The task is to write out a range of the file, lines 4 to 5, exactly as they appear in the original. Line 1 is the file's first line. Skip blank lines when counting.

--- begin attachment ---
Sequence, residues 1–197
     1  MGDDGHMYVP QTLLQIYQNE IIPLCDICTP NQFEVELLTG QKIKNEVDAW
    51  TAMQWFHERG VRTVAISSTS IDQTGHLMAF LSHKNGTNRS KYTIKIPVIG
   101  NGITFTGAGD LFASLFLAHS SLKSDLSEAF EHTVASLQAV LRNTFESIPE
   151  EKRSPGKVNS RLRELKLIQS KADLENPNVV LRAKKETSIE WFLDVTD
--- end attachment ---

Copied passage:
   101  NGITFTGAGD LFASLFLAHS SLKSDLSEAF EHTVASLQAV LRNTFESIPE
   151  EKRSPGKVNS RLRELKLIQS KADLENPNVV LRAKKETSIE WFLDVTD